Here’s a little challenge for you. Try to see if you can do the following two things:

Recursive protocols

You can use a protocol type within that protocol itself, which is called a recursive protocol. For example, you can model a graph type as follows:

protocol GraphNode {
  var connectedNodes: [GraphNode] { get set }
}
protocol Matryoshka {
  var inside: Matryoshka {get set}
}

class HandCraftedMatryoshka: Matryoshka {
  var inside: Matryoshka?
}

class MachineCraftedMatryoshka: Matryoshka {
  var inside: Matryoshka?
}
var handMadeDoll = HandCraftedMatryoshka()
var machineMadeDoll = MachineCraftedMatryoshka()
handMadeDoll.inside = machineMadeDoll // This shouldn't fit
protocol Matryoshka: AnyObject {
  var inside: Self? { get set }
}

final class HandCraftedMatryoshka: Matryoshka {
  var inside: HandCraftedMatryoshka?
}

final class MachineCraftedMatryoshka: Matryoshka {
  var inside: MachineCraftedMatryoshka?
}
handMadeDoll.inside = machineMadeDoll // compile error

Heterogeneous collections

Swift collections are homogeneous; that is, their elements must be of a single type. In this section, you’ll learn how to use the special type Any to simulate heterogeneous collections. You’ll use WeightCalculatable as an example:

protocol WeightCalculatable {
  associatedtype WeightType: Numeric
  var weight: WeightType { get }
}
var array1: [WeightCalculatable] = [] // compile error
var array2: [HeavyThing] = []
var array3: [LightThing] = []
class VeryHeavyThing: WeightCalculatable {
  // This heavy thing only needs integer accuracy
  typealias WeightType = Int

  var weight: Int {
    9001
  }
}
var heavyList = [HeavyThing(), VeryHeavyThing()] // error

Type erasure

When you want to create a list of different items, you should define the list with a type that each element will conform to.

class AnyHeavyThing<T: Numeric>: WeightCalculatable {
  var weight: T {
    123
  }
}
class HeavyThing2: AnyHeavyThing<Int> {
  override var weight: Int {
    100
  }
}

class VeryHeavyThing2: AnyHeavyThing<Int> {
  override var weight: Int {
    9001
  }
}
var heavyList2 = [HeavyThing2(), VeryHeavyThing2()]
heavyList2.forEach { print($0.weight) }

Opaque return types

The goal of type erasure is to hide unimportant details about concrete types but still communicate the type’s functionality using a protocol.

var carFactory = GenericFactory<Car>()
carFactory.productionLines = [GenericProductionLine<Car>(), GenericProductionLine<Car>()]
carFactory.produce()

var chocolateFactory = GenericFactory<Chocolate>()
chocolateFactory.productionLines = [GenericProductionLine<Chocolate>(), GenericProductionLine<Chocolate>()]
chocolateFactory.produce()
func makeFactory() -> Factory { // compile error
  GenericFactory<Car>()
}

let myFactory = makeFactory()
func makeFactory() -> some Factory { // compiles!
  GenericFactory<Car>()
}
func makeFactory(isChocolate: Bool) -> some Factory {
  if isChocolate {
  	return GenericFactory<Chocolate>()
  }
  else {
  	return GenericFactory<Car>()
  }
}
func makeFactory(numberOfLines: Int) -> some Factory {
  let factory = GenericFactory<Car>()
  for _ in 0..<numberOfLines {
    factory.productionLines.append(GenericProductionLine<Car>())
  }
  return factory
}
func makeEquatableNumeric() -> some Numeric & Equatable {
  return 1
}

let someVar = makeEquatableNumeric()
let someVar2 = makeEquatableNumeric()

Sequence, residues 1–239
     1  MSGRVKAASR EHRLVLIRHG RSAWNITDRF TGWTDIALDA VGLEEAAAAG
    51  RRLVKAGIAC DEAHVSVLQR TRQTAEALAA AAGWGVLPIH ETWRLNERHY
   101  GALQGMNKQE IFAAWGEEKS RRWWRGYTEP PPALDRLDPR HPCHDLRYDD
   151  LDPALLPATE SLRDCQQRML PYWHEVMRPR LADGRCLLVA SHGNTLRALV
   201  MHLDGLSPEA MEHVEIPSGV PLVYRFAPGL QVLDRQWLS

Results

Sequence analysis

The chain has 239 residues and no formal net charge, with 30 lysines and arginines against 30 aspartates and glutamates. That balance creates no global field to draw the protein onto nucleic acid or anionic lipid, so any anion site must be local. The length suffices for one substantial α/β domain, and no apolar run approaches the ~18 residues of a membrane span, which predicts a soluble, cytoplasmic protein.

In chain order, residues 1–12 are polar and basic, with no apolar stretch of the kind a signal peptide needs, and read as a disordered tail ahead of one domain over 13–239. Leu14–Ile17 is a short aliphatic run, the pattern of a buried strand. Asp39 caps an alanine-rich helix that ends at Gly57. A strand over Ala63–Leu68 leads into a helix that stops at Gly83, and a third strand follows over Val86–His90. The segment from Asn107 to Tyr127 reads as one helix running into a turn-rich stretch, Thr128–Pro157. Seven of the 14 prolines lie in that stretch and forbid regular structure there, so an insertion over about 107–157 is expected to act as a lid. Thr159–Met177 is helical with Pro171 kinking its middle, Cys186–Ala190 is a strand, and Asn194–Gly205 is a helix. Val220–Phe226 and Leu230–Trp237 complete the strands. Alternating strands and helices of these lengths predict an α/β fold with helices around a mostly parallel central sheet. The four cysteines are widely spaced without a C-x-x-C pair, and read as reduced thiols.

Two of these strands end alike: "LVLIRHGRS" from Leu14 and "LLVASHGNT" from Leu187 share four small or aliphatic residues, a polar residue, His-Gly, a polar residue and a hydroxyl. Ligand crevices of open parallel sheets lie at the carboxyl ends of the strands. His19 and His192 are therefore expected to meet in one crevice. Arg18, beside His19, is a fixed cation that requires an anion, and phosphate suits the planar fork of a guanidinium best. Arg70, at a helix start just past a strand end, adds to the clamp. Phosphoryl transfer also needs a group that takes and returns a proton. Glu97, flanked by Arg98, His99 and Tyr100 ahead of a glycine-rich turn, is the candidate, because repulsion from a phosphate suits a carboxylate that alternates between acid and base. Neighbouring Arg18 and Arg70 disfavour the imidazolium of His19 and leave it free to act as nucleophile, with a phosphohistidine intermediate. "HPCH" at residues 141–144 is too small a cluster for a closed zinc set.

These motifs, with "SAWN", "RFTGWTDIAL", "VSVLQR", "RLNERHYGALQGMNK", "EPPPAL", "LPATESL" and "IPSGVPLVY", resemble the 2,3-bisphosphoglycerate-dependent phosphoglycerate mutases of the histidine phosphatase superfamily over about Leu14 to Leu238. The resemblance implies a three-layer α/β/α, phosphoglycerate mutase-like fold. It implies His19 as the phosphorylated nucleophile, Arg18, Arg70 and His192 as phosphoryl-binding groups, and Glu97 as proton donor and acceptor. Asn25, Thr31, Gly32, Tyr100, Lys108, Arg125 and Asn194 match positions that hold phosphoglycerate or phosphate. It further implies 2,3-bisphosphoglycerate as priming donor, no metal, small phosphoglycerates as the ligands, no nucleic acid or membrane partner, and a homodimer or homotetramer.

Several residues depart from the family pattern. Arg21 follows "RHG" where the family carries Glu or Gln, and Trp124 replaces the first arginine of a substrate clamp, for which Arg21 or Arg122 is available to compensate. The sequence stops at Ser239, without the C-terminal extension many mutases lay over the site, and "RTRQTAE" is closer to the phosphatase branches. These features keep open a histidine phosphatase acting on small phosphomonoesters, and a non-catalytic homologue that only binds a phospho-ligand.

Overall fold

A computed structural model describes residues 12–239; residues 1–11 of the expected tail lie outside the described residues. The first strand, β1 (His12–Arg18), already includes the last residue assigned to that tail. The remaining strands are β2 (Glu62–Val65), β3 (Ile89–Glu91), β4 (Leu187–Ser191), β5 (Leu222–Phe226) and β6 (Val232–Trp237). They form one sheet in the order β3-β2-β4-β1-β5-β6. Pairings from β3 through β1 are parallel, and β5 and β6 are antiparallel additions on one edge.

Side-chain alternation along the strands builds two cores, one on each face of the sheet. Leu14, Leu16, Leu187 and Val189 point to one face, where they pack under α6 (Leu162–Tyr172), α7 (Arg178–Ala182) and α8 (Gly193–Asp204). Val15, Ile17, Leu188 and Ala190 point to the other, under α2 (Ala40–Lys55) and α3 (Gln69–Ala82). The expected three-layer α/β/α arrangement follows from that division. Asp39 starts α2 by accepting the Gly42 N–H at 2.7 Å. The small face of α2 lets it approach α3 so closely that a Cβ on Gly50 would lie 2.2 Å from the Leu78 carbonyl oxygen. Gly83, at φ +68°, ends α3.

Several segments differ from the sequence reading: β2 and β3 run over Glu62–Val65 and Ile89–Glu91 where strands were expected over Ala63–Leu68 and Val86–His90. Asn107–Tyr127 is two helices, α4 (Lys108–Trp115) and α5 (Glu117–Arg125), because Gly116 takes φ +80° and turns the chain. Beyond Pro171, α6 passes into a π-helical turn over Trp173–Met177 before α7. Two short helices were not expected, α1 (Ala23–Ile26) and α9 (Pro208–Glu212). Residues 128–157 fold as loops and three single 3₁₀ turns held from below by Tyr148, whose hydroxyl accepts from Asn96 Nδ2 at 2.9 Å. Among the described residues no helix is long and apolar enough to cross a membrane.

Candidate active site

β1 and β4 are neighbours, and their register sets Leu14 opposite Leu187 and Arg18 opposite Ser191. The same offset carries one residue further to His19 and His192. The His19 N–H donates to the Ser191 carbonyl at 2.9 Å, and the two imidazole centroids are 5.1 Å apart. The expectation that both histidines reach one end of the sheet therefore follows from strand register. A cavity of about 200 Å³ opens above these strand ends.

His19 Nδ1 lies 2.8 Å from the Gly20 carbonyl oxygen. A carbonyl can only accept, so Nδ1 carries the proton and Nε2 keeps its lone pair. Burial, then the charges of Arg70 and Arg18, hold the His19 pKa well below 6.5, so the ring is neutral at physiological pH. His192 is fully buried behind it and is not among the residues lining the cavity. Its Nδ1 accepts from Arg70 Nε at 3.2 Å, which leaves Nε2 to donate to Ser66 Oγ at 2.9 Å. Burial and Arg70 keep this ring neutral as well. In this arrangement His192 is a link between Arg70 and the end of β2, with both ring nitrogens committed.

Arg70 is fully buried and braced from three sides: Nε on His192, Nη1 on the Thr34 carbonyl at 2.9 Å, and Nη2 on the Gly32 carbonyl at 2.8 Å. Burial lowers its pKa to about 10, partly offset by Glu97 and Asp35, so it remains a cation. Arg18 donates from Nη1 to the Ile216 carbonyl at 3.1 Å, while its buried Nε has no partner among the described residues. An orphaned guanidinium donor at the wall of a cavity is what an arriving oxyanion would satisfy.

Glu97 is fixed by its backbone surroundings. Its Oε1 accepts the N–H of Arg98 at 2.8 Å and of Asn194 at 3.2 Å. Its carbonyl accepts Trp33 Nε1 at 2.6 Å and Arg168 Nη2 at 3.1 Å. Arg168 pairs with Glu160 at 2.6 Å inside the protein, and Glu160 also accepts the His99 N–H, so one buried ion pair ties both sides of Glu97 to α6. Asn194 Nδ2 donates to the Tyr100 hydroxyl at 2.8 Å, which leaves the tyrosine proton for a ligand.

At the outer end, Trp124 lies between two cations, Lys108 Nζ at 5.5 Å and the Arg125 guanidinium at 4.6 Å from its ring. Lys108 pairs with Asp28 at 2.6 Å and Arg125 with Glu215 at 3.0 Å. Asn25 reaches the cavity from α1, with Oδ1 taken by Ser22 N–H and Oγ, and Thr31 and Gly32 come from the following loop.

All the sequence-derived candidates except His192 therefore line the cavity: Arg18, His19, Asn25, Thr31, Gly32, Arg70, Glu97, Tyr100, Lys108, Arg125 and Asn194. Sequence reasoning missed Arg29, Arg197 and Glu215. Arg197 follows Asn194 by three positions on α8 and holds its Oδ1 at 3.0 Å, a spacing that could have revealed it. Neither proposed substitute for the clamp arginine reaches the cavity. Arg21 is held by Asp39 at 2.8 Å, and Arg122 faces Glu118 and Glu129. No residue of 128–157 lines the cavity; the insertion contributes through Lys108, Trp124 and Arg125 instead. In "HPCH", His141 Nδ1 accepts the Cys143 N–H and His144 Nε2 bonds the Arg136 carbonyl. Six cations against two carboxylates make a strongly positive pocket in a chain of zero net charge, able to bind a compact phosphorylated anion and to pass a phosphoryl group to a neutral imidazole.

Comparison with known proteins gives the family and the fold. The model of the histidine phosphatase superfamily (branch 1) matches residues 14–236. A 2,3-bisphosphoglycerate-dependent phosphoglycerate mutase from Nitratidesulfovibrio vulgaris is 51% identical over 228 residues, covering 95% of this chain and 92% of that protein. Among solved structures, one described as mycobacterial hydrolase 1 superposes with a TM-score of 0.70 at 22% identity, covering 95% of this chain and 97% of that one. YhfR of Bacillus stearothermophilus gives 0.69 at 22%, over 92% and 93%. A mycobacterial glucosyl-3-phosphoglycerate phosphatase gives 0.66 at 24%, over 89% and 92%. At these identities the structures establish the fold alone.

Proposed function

print(someVar == someVar2) // prints true
print(someVar + someVar2) // prints 2
print(someVar > someVar2) // error

Challenges

Congratulations on making it this far! But before you come to the end of this chapter, here are some challenges to test your knowledge of advanced protocols and generics. It’s best if you try to solve them yourself, but solutions are available if you get stuck. You can find the solutions with the download or at the printed book’s source code link listed in the introduction.

Challenge 1: Robot vehicle builder

Using protocols, define a robot that makes vehicle toys.

Challenge 2: Toy train builder

Declare a function that constructs robots that make toy trains.

Challenge 3: Monster truck toy

Create a monster truck toy that has 120 pieces and a robot to make this toy. The robot is less sophisticated and can only assemble 200 pieces per minute. Next, change the makeToyBuilder() function to return this new robot.

Challenge 4: Shop robot

Define a shop that uses a robot to make the toy that this shop will sell.

Key points

  • You can use Protocols as existentials and as generic constraints.
  • Existentials let you use a type, like a base class, polymorphically.
  • Generic constraints express the capabilities required by a type, but you can’t use them polymorphically.
  • Associated types make protocols generic. They provide great flexibility while still maintaining the type strictness.
  • Constraints can be used in many contexts, even recursively.
  • Type erasure is a way to hide concrete details while preserving important type information.
  • Opaque return types let you return only protocol information from a concrete type.
  • The more generic you write your code, the more places you will be able to use it.

Have a technical question? Want to report a bug? You can ask questions and report bugs to the book authors in our official book forum here.

© 2022 Razeware LLC

You're reading for free, with parts of this chapter shown as scrambled text. Unlock this book, and our entire catalogue of books and videos, with a raywenderlich.com Professional subscription.

Unlock Now

To highlight or take notes, you’ll need to own this book in a subscription or purchased by itself.